If we use the Koshas as a diagnostic model for Joe, we discover that on a physical level, Joe has tight muscles exasperating the low back resulting in nerve pain. We also discover that on an energetic level, Joe changed jobs almost six months ago, and has gained 15 pounds because he has been eating more take-out food and has not been able to keep up with his normal exercise routine. On an emotional level he is in a state of fear being that he feels the need to prove himself to keep his new position. This has manifested in a heightened state of alertness as his new blackberry device has him feeling like he is “on call” all day long. The emotional strain has created tension at home as his wife and kids are feeling neglected. In addition, his social life is practically non-existent outside of work. Intellectually, Joe is thriving and growing with the new job experience, but spiritually, Joe has had less time to do his nightly inspirational reading and has been skipping church on Sundays to get some extra sleep.

Armed with all this knowledge, we are now prepared to make a holistic interpretation of Joe’s condition. We see that Joe’s back pain is the result of three major contributing factors, lack of exercise, poor nutrition and the work/home stress created by being in a new job and working longer hours. We also see that Joe might be feeling isolated from his family and friends and is feeling slightly depressed by his lack of connection to his spiritual practice. We understand that Joe’s back would be most improved by creating balance between his work life, home life and spiritual practice. We empower Joe with this knowledge, and he begins to work out how he is going to create some clear boundaries. He starts to leave work on time and put his blackberry aside in the evenings. When this happens, he finds more time to eat healthier meals, exercise, and spend time with his friends and family. As a side effect, his clarity of mind increases his efficiency at work, and he gains the recognition of his co-workers for his productivity and pleasant demeanor.

By addressing the area of his life that is most out of balance and finding lifestyle practices that support the necessary changes to bring balance back, Joe feels a release of tension in the muscles supporting the low back. He still needs to practice his yoga poses, deep breathing, relaxation, and meditation, but understands that they only help him if he continues to work on the lifestyle factors that contribute to his back pain. As Joe progresses with his Yoga Therapy he learns and applies the basic tenets of the Yamas (Restraint of Negative Behaviors) and Niyamas (Positive Observances) to his daily activities and becomes better at managing his stress. Further study of the Chakras continues to deepen his level of self-awareness and understanding. Joe’s Yoga Therapy program contributes to his overall physical, emotional, and spiritual well-being. He continues his practice on his own, comes to a yoga class twice a week and no longer needs to see his therapist on a regular basis.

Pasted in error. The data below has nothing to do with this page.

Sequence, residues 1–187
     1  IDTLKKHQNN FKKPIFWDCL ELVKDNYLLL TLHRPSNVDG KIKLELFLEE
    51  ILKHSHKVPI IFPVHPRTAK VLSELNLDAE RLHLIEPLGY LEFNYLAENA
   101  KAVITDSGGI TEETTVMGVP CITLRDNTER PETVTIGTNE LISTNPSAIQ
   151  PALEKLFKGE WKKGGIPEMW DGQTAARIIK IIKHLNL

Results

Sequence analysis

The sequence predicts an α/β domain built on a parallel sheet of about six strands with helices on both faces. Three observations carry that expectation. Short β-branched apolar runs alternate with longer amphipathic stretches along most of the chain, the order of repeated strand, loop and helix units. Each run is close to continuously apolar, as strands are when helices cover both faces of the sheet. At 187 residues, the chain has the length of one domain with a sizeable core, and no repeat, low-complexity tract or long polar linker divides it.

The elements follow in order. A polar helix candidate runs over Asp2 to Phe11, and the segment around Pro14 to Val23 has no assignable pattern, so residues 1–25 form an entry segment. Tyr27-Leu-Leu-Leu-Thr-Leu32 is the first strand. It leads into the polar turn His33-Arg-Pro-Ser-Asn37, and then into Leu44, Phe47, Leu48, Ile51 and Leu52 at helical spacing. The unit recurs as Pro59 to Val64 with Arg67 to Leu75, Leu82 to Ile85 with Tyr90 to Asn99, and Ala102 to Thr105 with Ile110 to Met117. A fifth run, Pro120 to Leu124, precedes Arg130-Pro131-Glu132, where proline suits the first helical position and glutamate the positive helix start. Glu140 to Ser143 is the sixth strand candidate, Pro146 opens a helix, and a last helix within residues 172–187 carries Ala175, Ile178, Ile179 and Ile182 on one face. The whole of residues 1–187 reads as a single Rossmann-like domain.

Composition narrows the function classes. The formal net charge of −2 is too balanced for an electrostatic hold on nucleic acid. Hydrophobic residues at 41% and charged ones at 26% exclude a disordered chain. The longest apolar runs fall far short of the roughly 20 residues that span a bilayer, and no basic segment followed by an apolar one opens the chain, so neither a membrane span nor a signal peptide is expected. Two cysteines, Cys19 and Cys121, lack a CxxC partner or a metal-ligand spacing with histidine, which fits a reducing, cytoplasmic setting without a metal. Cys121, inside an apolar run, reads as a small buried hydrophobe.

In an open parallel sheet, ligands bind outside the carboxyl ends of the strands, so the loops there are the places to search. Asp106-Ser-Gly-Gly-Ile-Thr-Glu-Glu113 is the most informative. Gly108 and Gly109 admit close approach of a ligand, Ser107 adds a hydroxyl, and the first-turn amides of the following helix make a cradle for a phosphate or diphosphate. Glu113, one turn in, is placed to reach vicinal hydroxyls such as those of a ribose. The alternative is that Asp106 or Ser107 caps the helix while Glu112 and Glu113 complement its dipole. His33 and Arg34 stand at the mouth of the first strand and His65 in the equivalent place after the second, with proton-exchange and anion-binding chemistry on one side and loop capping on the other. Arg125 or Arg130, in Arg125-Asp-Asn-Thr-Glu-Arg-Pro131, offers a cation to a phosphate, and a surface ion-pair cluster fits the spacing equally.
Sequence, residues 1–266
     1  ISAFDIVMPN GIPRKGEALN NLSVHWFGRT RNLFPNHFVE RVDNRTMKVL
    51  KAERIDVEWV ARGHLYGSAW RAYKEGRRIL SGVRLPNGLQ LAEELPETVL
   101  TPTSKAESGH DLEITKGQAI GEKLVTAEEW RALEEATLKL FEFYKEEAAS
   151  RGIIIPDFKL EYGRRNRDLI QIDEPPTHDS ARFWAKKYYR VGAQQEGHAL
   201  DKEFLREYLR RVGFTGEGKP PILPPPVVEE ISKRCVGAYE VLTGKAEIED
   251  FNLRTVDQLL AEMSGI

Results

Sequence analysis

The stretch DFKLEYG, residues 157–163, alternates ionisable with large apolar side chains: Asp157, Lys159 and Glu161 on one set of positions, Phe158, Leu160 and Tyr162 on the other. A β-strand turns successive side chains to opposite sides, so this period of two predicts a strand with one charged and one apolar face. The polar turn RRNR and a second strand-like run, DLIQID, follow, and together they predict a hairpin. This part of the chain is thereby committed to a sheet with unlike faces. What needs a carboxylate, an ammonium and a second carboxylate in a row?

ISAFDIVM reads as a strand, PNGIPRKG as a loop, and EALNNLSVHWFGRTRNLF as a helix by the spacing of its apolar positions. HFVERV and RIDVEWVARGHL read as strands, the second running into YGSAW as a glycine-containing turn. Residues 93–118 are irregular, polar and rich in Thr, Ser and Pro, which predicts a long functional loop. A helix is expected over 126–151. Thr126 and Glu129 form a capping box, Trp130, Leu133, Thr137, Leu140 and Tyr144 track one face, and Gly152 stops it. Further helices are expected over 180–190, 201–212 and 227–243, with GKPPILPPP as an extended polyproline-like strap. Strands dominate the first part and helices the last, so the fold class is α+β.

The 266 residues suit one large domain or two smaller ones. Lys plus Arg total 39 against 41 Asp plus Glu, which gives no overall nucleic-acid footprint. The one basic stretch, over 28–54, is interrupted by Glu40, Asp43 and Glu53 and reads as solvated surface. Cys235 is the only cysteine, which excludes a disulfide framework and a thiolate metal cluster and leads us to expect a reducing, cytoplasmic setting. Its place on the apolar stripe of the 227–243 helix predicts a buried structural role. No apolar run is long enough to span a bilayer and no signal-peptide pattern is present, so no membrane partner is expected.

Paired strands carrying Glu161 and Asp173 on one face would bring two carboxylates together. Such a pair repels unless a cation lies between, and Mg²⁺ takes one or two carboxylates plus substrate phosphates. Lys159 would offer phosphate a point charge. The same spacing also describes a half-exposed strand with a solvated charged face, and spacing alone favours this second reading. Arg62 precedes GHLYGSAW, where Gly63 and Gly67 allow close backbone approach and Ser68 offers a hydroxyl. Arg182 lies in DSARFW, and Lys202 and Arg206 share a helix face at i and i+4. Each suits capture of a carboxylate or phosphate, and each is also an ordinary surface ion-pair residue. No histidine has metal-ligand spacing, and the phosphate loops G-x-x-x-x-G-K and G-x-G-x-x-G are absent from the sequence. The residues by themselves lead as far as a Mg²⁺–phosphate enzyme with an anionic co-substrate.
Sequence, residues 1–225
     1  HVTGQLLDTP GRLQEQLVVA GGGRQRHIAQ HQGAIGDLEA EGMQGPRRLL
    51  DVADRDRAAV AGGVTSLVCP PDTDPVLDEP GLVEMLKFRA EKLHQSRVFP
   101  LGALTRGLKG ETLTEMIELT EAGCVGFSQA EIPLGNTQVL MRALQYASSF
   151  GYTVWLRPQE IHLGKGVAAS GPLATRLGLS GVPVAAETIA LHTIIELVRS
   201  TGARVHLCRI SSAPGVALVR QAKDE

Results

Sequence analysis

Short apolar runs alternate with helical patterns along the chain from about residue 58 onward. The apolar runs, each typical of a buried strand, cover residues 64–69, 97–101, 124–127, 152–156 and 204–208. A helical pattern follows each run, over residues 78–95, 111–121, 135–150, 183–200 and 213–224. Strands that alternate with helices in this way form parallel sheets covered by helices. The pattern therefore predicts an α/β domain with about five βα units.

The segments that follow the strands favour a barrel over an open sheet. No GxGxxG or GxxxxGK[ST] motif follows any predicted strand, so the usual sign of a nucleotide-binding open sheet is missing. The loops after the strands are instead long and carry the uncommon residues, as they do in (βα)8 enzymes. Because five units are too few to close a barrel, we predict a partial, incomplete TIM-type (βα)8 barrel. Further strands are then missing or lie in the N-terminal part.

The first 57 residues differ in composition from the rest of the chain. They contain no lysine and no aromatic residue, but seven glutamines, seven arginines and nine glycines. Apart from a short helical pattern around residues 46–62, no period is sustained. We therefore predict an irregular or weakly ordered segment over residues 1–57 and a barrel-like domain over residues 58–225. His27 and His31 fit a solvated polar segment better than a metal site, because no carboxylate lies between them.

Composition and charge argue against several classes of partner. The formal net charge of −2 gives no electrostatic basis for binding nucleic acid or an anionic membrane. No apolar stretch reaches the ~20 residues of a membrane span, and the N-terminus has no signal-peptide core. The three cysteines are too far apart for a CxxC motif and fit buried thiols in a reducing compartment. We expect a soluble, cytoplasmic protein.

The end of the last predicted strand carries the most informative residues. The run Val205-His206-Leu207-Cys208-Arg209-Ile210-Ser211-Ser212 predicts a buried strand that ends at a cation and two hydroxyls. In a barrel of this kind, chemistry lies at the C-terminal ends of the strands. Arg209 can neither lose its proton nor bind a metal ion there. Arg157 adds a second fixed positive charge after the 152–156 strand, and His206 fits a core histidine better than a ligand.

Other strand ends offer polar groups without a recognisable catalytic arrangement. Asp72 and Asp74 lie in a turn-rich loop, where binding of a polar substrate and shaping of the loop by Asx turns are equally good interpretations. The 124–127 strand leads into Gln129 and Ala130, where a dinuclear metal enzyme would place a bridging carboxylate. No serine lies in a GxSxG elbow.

Conclusion

While this example is somewhat over-simplified for the purposes of this blog post, I have used this process with thousands of yoga students over the last 25 years and have witnessed tremendous healing occur. If we trust the clear path that the ancients have laid out for us and help our students to connect the dots in the mind/body/spirit, the Yoga tradition does the work for us. However, if we limit ourselves to the Western diagnostic process, the application of Yoga becomes limited and the chances for individual transformation decrease. Yoga’s entire culture of consciousness offers a path of complete self-realization that is as broad as human life itself and a holistic diagnostic model that includes physical, life force, mind, intellect, and spirit offer Yoga Therapists and students an approach that can transform pain and disease into a path of enlightenment.